As unusual as this might sound, it is not uncommon.
People with limited storage space find the oven a convenient place.
It’s generally dry, and obviously, the shelves can handle the weight.
However, if you use your oven often, I think you might get tired of taking the pans out so you can heat the oven.
Or you might accidentally heat up your pans when you aren’t using them.
On the other hand, heating them up isn’t necessarily a bad thing.
In that sense, cast iron is pretty much indestructible.
5. Hang Your Cast Iron On the Wall
Hanging your cast iron skillets on the wall will take a bit more planning.
Still, many cast iron lovers proudly display their skillets this way.
Your cast iron becomes both decorative and functional, and it frees up your cabinet space for other things.
Just make sure your hooks are secure and able to hold the weight of your cast iron.
This way may be a good option for a small kitchen with little counter and cabinet space.
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6. In Its Own Closet or Shelf Unit
This way of storing is mainly for collectors.
Collecting cast iron is a hobby for some people, in addition to using it for cooking.
However, finding a place to put loads of cast iron pans can be a challenge.
Indeed, you can hang it like mentioned above, but I found two other suggestions:
- If your kitchen has a pantry closet as my kitchen does, you could transform it into a closet just for cast iron.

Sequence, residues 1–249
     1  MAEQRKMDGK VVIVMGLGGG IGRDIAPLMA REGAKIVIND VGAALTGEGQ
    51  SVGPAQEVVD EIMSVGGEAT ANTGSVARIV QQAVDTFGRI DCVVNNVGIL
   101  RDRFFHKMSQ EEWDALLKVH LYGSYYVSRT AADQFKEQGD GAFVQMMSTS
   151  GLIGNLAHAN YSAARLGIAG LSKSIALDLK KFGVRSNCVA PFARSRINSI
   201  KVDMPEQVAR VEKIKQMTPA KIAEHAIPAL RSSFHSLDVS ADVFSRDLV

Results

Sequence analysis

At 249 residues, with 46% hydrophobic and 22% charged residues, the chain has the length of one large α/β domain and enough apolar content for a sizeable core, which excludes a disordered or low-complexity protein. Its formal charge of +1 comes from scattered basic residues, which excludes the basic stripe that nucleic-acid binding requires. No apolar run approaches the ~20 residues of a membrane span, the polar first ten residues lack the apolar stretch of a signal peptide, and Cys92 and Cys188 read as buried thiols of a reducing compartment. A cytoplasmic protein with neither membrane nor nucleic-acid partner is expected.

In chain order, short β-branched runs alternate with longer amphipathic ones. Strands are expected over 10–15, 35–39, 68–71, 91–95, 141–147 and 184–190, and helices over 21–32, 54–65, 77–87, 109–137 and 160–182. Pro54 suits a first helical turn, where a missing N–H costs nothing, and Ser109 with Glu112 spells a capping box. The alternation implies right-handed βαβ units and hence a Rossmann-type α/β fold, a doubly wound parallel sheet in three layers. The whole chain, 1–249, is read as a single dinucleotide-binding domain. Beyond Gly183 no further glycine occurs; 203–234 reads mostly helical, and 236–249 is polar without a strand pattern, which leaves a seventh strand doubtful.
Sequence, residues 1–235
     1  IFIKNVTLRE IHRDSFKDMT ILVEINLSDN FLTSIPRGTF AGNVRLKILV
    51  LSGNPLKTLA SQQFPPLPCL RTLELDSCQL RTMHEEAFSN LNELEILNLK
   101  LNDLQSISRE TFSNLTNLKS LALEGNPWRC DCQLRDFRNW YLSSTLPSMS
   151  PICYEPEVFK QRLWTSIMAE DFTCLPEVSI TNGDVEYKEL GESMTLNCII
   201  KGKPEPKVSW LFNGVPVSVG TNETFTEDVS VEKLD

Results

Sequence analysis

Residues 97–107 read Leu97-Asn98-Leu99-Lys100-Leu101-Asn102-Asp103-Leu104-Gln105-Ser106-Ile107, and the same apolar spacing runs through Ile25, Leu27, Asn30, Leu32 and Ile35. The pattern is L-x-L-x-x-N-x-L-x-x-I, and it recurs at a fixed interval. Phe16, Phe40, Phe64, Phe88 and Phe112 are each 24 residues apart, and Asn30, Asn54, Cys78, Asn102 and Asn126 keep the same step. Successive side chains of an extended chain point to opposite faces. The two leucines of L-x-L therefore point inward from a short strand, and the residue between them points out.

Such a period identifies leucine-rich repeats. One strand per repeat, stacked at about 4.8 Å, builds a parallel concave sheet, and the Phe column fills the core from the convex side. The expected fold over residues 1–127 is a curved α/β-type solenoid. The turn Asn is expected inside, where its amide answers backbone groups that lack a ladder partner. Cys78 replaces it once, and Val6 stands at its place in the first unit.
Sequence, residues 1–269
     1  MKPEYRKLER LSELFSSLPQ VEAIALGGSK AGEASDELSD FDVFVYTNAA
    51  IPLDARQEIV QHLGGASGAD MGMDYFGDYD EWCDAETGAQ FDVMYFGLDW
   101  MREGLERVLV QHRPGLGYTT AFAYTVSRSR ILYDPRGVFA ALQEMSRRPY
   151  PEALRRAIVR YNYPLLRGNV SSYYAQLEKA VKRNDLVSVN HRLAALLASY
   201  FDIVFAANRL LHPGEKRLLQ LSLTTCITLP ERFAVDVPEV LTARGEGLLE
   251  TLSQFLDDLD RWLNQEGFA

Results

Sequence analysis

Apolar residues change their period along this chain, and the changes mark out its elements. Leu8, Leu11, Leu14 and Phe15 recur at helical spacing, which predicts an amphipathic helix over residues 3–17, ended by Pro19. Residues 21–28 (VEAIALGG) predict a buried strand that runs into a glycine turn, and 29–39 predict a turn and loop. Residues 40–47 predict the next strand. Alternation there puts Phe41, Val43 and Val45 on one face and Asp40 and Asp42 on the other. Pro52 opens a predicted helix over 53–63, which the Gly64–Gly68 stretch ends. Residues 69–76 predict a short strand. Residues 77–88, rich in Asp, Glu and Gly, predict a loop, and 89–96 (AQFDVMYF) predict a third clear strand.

- If you outgrow your closet, as in the video below, or you don’t have a pantry, you could buy a shelving unit designed to hold heavy things. I’ve seen them anywhere from 250 lbs all the way up to 2000 lbs per shelf.
My Cast Iron Cookware Storage Solution
A Few Tips For Long-term Storage
Suppose you plan to store your cast iron pan for an extended period, and you want them out of your kitchen.
What do you need to know?
- Make sure your cast iron is clean and dry.
- Remove any lids or put a paper towel between the lid and the pan to let it “breathe” so no condensation can form.
- Store in a dry place with as little humidity as possible.
- If stacking pans, put newspaper, paper towels, or parchment paper in between.
- Be sure your entire pan is seasoned with a thin layer of oil.